City Limit* 7.206
Trading Axer ..15,000
(IMS Bottoo Board Flguxw)
VOL. 64 NO. 13
Kings Mountain's RELIABLE Newspaper
Kings Mountain, N. C.t Thursday, April I, 1954
PRICE FIVE CENTS
A total of 988 Kings Moun
tain motorists had purchased
1954 city auto license stickers
through Wednesday at noon,
according to report of Joe Hen
drick, city clerk. Sixty- nine of
the total was purchased this
week, he said.
No fire alarms were answer
ed this ipast week toy the Fire
Department according to C. D.
Ware, Fireman. A total of 10
calls were answered this past
month, Mr. Ware said, with
five of the total outside of the
The city has filed an appeal
from a North Carolina Utilities
Commission allowing it to sell
natural gas only inside the
city limits. The city seeks to
sell natural gas to customers
adjacent to the city limits, as
well as to other nearby custo
mers. The Utilities Commis
sion ruled that .Public Service
Company of North Carolina
had the authority to sell out
side the city limits.
To Build Clinic
Mr Craig Jones, general sur
geon at Kings Mountain and Shel
by hospitals, will build a clinic
In Kings Mountain- within the
near future, he announced this
Dr. Jones has purchased from
thte Daniel A. Fulton heirs a lot
on West King street, near Kings
Mountain hospital, fronting 120
feet on West King street and mea
suring 257 feet deep.
The - transaction was handled
by B. D. Ratterree, Kings Moun
tain realtor. Thte lot adjoins the
Tim Hofd residence and was con
veyed by Mrs. W. R. Everhart,
Mrs. E. B. Olive, Mrs. A. L. All
ran, Mrs. W. C. Putnam, Mrs. G.
L. McDanlel and Mrs. C. L. Ful
Dr. Jones said he had not yet
retained an architect, but that he
hoped to begin construction of a
modern building In the coming
Red Cross Drive
Over 53,800 Short
Kings Mountain's Annual Red
Cross fund drive ? which official
ly ended on Wednesday ? was
nearly two- thirds short of the
goal, according to reports avail
B. S. Neill, Sr., fund drive trea
surer, rte ported only $1,585,13
turned in at noon Wednesday,
some $3,834 short of the goal of
H. D. (Snooks) McDanlel, Red
Cross chapter publicity chairman,
said yesterday that chairmen
have reported additional funds
which, along with whnt has been
turned in, increases th? gifts to
approximately $2?00. Nelsler
Mills, Inc., has donated $500 not
included in the treasurer's report,
he added. .
Committee chairmen and drive
officials are extorting a last*
minute effort to reach the goal,
Mr. McDanlel said, and all solici
tations are being urged te turn
fei their reports immediately.
Soap Box Hopefuls
Sol Charlotte Trip
1 Boys who are Interested in
participating In the Charlotte
Soap' Box DeUby race this, year
are reminded of the field trip to
the Charlotte workshop Satur
Charles Dixon, chairman of
here, said that fcoys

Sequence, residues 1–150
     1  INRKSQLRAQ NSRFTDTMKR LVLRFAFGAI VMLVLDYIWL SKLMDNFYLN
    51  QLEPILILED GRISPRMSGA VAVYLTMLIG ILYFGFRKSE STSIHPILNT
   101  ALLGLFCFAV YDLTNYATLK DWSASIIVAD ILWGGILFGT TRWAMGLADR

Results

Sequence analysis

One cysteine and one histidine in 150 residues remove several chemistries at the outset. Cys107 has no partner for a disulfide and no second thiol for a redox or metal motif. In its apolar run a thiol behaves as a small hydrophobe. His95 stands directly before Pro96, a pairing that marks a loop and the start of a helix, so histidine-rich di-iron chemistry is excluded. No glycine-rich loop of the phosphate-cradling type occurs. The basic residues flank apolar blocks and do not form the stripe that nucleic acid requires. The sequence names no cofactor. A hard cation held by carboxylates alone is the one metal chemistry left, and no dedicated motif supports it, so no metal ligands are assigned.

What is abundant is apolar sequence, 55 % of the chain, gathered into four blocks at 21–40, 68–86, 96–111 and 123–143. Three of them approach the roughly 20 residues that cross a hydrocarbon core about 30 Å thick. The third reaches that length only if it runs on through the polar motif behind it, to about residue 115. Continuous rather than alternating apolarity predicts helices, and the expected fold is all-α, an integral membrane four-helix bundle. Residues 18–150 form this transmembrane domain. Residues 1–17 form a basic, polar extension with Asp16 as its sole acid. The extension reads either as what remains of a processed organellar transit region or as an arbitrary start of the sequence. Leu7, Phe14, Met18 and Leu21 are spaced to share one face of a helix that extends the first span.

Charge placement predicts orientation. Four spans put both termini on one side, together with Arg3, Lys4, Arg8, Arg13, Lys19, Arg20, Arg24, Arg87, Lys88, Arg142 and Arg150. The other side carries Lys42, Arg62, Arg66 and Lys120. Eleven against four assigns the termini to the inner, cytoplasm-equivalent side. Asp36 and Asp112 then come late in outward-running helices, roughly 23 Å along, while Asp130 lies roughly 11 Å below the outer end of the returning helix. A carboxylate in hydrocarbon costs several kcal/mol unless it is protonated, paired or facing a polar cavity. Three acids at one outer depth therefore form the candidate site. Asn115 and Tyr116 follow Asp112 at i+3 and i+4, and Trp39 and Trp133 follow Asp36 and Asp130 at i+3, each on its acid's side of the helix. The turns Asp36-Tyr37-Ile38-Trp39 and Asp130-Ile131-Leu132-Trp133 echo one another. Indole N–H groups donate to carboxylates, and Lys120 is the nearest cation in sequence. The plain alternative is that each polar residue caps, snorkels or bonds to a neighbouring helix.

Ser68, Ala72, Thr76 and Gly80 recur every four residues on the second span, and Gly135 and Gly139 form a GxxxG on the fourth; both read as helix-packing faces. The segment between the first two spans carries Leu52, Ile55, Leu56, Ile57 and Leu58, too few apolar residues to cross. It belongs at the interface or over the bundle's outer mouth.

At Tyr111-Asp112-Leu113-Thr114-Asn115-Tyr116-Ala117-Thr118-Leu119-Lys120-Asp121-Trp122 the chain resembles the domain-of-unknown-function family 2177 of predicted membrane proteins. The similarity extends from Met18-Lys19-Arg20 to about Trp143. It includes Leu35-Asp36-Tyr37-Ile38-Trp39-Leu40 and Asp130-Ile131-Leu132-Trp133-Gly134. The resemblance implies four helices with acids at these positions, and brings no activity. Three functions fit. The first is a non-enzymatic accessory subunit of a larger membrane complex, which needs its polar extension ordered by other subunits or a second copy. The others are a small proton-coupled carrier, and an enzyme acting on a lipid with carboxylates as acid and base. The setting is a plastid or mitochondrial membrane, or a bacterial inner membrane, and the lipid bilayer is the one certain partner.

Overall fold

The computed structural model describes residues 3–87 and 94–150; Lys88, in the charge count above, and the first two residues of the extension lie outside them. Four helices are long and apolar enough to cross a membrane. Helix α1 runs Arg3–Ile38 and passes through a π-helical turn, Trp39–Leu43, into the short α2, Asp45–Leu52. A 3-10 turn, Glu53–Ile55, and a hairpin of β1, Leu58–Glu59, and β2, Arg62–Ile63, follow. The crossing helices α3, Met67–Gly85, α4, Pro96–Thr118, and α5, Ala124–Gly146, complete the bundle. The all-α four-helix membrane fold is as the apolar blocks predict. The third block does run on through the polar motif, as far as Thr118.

hi making the trip
* at Victory Chevrolet
jMfcT Saturday morning at 9 o'
Participants will visit the
\tt> study methods of
of Soap Box racers.
fcfiia'frlfiii fi"'' if i M
: J It
Special to the Herald
? from the
MINNEAPOLIS, MINN. ? Fu
neral services for Karl M. Leute,
59, president of Lithium Corpor
ation of America and Mangan
ese Chemicals Corporation, were
held in Minneapolis Monday.
Mr. Leute had died on March
24, while vacationing in Phoe
nix, Ariz. . - .?> . ...
Mr. Leute was a pioneer In the
field of cftiemical engineering in
Minnesota and developed the
first commercial production of
He organized the Electro -Man
ganese Corporation in 1987 and
founded the Lithium Corporation
of America in 1942. Headquarters
are in Minneapolis, Minn.
The firm is now a world lead
er In production of Lithium light
metal compounds for commerci
al use. Early this month the
firm announced a seven-million
dollar plant expansion at Besse
mer City, N. C.
The expansion, Leute had
said, was necessitated by a 1,000
per cent increase in consumption
of Lithium since 1946.
Mr. Leute organized the Man
ganese Chemicals. Corporation in
1950 and pioneered the produc
tion of manganese from low
grade deposits In northern Min
He is survived by his wife,
Mayme; a daughter, Mrs. Rome
Rlebeth, Minneapolis; two
grandchildren, and a sister, Mra.
William Winterton, ; Saskatoon,
Saskatchewan Cjina^. ? ^ ft
M?\ Uute's successor as pres
ident of the Lithium Corporation
of America is Herbert W. Rogers,
secretary and general counsel.
At a luncheon meeting of the
Bible In the Schools Committee,
held Tuesday at the Central
school cafeteria, Miss Margaret
Stem was commended for her
work during the past school year
and unanimously recommended
for re-election as teacher of Bi
ble in the Kings Mountain Pub
Rev. P. D. Patrick, pastor of
First Presto yterlan church, was
elected to his fifteenth term as
chairman of the Bible Commit
Miss Stem presented a report
of her teaching and associated
activities for the school yeAr and
made recommendations for next
year's program. With classes in
the sixth and <*eventh grades of
East, West, and Central "schools,
and additional classes in Cen
tral High School, Miss Stem tea
ches approximately 400 pupils.
. Twenty representatives of lp
cal churches and other support
ing organizations also heard the
report of the treasurer for the
current year and made plans for
the coming year's work.
Mr. and Mrs. W. W. Tolleson
moved over the weekend to
Charlotte, where they are re
siding at 2014 belvedere Ave
nue. The Tollesons lived here
on Crescent Hill Road.
Reductions in excl&e taxes tak
ing effect Thursday will mtean
numerous savingn on many Items
and Kings Mountain area citizens
will share in them to more or less
All in all, the excise tax reduc
tion bill, signed by the President
Wednesday, removes an estimat
ed $999 million from the nation's